after Pissarro’s portrait of his daughter, Jeanne-Rachel, known as ‘Minette’
She sits, age seven, on the sort of wood chair
beloved of the Impressionists, not yet
ablaze with auction-house liquidity. Two years
from now, she’s dead. You can’t unknow this.
Your eye is compromised. You can’t view
the scene without thinking the pot-bellied
wood-burner in the background is a cloud
gathering on this summer day.
A window, off left, opens on a garden
where if she were well, she could play
in the sunlight. A plaque on the gallery wall
announces the recent future, waiting: TB.
Camille places a fan in her hands, ghostly,
a blank piece of Japonaiserie, ‘en vogue’,
a void on the canvas. Three-quarters turned,
her stocking-legs under tiny knees and a black
school shift. Shy in her condition, she doesn’t
confront – not physically – but see that left eye? Huge
disproportionate, staring out, white pigment
advancing, in accusation, admonition, hurt?
Her father/painter, life-giving and powerless
to protect her. Does he paint with the cool-eyed
stare of art, or the essential agony of family?
The vulnerability he brings to this picture, made
from a desire to perfect, take her suffering, fix
forever an image to canvas. We are all in this,
implicated, an Ashmolean throng, witness
to a beauty so slight and tender, the wooden legs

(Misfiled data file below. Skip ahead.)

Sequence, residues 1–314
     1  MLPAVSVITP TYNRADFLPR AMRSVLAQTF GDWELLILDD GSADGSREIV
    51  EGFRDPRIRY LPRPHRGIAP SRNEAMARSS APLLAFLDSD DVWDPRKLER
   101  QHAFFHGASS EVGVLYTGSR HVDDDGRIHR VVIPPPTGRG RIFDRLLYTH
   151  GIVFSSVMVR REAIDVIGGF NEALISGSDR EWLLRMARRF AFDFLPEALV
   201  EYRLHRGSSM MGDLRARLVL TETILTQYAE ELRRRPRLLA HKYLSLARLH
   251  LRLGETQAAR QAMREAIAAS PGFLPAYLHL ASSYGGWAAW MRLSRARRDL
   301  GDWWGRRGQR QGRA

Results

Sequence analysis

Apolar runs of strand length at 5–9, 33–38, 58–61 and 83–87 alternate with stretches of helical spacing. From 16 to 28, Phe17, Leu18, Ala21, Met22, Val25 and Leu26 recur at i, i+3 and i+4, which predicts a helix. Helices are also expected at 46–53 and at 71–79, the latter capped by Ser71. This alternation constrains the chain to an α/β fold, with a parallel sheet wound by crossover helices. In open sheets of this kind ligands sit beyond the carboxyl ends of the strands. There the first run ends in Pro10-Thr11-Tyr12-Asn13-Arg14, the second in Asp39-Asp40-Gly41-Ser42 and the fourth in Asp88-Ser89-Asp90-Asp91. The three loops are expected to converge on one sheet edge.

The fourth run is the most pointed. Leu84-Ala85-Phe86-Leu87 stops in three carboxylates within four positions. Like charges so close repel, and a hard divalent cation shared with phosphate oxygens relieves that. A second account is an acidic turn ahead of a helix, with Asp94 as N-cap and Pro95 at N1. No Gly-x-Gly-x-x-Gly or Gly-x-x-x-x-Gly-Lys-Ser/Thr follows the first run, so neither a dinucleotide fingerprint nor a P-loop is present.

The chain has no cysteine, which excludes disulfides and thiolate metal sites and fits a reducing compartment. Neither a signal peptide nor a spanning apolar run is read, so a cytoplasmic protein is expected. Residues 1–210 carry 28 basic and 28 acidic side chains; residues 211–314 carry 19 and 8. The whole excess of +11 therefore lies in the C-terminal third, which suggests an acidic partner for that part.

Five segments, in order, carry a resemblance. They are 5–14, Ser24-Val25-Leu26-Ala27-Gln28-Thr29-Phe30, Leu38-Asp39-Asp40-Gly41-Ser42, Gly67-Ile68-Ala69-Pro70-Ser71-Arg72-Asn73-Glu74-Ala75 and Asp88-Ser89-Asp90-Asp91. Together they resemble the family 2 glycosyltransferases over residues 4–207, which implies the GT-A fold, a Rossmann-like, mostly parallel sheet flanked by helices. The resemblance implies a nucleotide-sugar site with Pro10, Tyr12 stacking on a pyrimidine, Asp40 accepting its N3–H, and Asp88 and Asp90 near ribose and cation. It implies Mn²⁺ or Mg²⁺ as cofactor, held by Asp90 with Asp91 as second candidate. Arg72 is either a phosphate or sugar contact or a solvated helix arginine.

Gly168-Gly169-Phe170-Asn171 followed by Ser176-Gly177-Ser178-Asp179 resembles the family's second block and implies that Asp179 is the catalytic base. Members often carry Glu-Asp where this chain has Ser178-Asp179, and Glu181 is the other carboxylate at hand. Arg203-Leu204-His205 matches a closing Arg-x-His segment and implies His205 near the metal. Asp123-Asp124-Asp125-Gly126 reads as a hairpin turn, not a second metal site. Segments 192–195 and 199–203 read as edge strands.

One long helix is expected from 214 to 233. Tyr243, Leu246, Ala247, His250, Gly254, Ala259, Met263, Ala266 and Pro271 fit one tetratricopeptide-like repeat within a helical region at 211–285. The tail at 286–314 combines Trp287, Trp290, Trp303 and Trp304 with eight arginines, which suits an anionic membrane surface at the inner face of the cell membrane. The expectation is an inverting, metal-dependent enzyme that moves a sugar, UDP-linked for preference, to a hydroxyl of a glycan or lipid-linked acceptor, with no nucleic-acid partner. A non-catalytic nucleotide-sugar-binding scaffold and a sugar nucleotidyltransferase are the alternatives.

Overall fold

of the chair will buckle under an impossible weight
any minute, the claw-feet of the wood-burner,
grey, bear down on her, flames warm, consuming.
© Ken Evans
Picture 10500937, oil on canvas, Camille Pissarro, 1873, Ashmolean Museum, Oxford
Ken Evans’ first pamphlet, The Opposite of Defeat, was published by Eyewear in July 2016. Eyewear included him in their annual Best Irish and English New Poets 2017, due out in April (an anthology is for those who have yet to publish a full collection). In 2016 he won The Battered Moons Poetry Competition (Judge: Daljit Nagra), and was runner-up in Manchester’s Poets & Players (Judge: Jackie Kay). His poems have appeared in The Lighthouse Literary Journal; Envoi; The Interpreter’s House; Morphrog9; The High Window; Obsessed with Pipework; The Glasgow Review of Books; The Morning Star, and Ink, Sweat & Tears. He reviews poetry for The Manchester Review.